Zen Koan for the Real Populists not the Plutocracy’s Puppet Populists


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Waiting for the Barbarians

I lived for a bit, but did not suffer, under military dictatorship in Turkey, briefly the same in Greece, and visited Spain under Franco and I worked against the torture of prisoners in Portugal under Salazar and in the former Soviet Union from afar. My friend Otto lived under East German Communism and spent time in the Gulag in Vorkuta. And my late friend Andra treated the tortured victims of BOSS, the Bureau of State Security in South Africa.

It is all coming back to me: the sleazy incompetence, the lies, the ruling families’ corruption, the oppressive atmosphere, the nervousness and the press where nothing meant what it said…..but hey great novels get written under dicatorships, so we should be in for a gala season in the USA….the new Pamuk, Sinopoulus, Lorca, Saramago, Pasternak, Wolf, and Coetze….

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The Lights are Going Out All Over America and We May Not See Them Lit Again in Our Lifetimes

This is an extremely good and important article from Simon Kuper in the UK Financial Times, that could have been written specifically for my optimistic, it will all turn out right friend RH. I don’t think it will turn out well, and Kuper has some interesting disciplines for systemic caution from Taleb, and Kahneman and Tversky among others:

The Minuteman story is especially scary and I would add: the Airforce Academy in Colorado Springs is in the hands of religious fanatics and the quality of leadership from there I experienced ten years ago was appalling compared with West Point or Annapolis or their British equivalent service academies. I have posted it in full to avoid it being behind a fire wall: it is too important for that.

How to avert catastrophe:We need to expand our imaginations. The next catastrophe may take an unprecedented form’
Simon Kuper

“When Nassim Nicholas Taleb was a teenager in Lebanon in 1975, an ethnic civil war broke out. Locals were baffled. They had thought they lived in a “stable paradise”. Once the unforeseen catastrophe began, even Taleb’s grandfather, the deputy prime minister, “did not seem to know what was going to happen any more than his driver, Mikhail”, wrote Taleb in his 2007 classic, The Black Swan: The Impact of the Highly Improbable.

In 1940, when Daniel Kahneman was a Jewish boy living in Paris, the Germans invaded France. Kahneman’s family decided to stay put. Then came the Holocaust. While the family was in hiding, Kahneman’s father could not get treatment for his diabetes, and died. Kahneman was left wondering why humans fail to foresee catastrophe.

Black Swan has just been reissued. Almost simultaneously, Michael Lewis has published The Undoing Project, about Kahneman’s intellectual collaboration with fellow psychologist Amos Tversky. Both books share an argument: people make bad judgments and terrible predictions. It’s a timely point. The risk of some kind of catastrophe — armed conflict, natural disaster, and/or democratic collapse — appears to have risen. The incoming US president has talked about first use of nuclear weapons, and seems happy to let Russia invade nearby countries. Most other big states are led by militant nationalists. Meanwhile, the polar ice caps are melting fast. How can we fallible humans avert catastrophe?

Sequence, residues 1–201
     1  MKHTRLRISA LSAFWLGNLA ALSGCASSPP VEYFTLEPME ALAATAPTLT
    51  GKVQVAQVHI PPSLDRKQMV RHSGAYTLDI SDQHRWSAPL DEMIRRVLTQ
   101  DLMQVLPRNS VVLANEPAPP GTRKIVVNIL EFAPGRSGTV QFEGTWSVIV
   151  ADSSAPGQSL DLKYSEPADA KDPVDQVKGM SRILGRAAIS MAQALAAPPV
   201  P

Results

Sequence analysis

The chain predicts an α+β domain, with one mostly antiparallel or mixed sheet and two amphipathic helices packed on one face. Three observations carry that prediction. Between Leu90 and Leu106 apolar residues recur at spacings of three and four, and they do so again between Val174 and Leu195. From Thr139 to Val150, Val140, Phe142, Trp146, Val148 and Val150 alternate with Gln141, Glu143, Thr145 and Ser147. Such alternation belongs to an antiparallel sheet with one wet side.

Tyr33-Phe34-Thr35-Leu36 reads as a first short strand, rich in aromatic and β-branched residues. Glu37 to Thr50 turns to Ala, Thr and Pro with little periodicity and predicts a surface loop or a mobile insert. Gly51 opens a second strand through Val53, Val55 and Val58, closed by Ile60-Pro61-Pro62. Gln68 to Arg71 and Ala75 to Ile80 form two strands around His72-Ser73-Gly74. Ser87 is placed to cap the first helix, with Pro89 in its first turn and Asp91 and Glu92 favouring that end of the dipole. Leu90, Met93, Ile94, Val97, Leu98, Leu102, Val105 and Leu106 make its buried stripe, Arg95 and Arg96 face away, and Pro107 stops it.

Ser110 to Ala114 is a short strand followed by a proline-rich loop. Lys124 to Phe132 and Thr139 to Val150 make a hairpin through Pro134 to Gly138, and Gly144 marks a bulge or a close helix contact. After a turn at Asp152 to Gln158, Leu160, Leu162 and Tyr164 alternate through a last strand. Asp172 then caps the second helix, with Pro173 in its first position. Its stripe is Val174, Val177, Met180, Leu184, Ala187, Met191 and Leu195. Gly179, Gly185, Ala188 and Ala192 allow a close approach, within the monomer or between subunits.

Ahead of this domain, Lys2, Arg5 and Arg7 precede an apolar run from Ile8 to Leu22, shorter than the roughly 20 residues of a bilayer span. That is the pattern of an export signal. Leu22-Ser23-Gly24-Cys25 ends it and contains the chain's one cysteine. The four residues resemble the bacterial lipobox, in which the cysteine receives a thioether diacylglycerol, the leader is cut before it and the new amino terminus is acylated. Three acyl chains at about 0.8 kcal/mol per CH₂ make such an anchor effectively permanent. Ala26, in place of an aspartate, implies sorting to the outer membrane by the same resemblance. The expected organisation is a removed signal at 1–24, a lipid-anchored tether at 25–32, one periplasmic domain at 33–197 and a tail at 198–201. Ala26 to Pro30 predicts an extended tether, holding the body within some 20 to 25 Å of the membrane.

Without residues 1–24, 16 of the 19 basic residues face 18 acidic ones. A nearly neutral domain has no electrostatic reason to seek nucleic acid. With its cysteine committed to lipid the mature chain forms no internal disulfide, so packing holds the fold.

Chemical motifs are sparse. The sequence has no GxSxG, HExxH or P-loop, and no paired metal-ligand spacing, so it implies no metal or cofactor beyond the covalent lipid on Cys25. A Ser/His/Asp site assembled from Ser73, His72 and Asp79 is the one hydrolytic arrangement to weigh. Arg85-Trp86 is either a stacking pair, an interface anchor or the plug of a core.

Today’s elites are often mocked for failing to foresee the financial crisis of 2008 but, in fact, such blindness is standard. In 1914, few people expected the first world war: the historian Niall Ferguson has shown that bond prices held up that summer, meaning that investors didn’t foresee higher government borrowing. Forecasters also missed the Holocaust, China’s Cultural Revolution and September 11.

Our western generation is particularly ill-equipped to foresee catastrophes, because our countries have hardly experienced any since 1945. (We tend to forget our various close shaves with nuclear war, accidental and otherwise.) Now we are like Taleb’s famous turkey. Every day, he gets fed by a nice farmer. The turkey’s risk analysts make a forecast: based on past trends, he will keep getting fatter. Then, just before Thanksgiving . . .

How not to be that turkey? Taleb has some tips:

• You can’t know which catastrophe will happen, but expect that any day some catastrophe could. In Tversky’s words: “Surprises are expected.” Better to worry than die blasé. Mobilise politically to forestall catastrophe.

• Don’t presume that future catastrophes will repeat the forms of past catastrophes. The only catastrophes we seem able to imagine are ones that have happened before. After September 11, the US re-engineered itself to prevent another September 11. Now the cliché is that we’re back in the 1930s. Even Donald Trump, complaining about US intelligence agencies, asked, “Are we living in Nazi Germany?” However, we need to expand our imaginations. The next catastrophe may take an unprecedented form.

• Don’t follow the noise. Terrorist attacks and Trump’s tweets are spectacular. But some catastrophes unfold silently: climate change, or people dying after they lose their jobs or their health insurance. (The financial crisis was associated with about 260,000 extra deaths from cancer in developed countries alone, estimated a study in The Lancet.)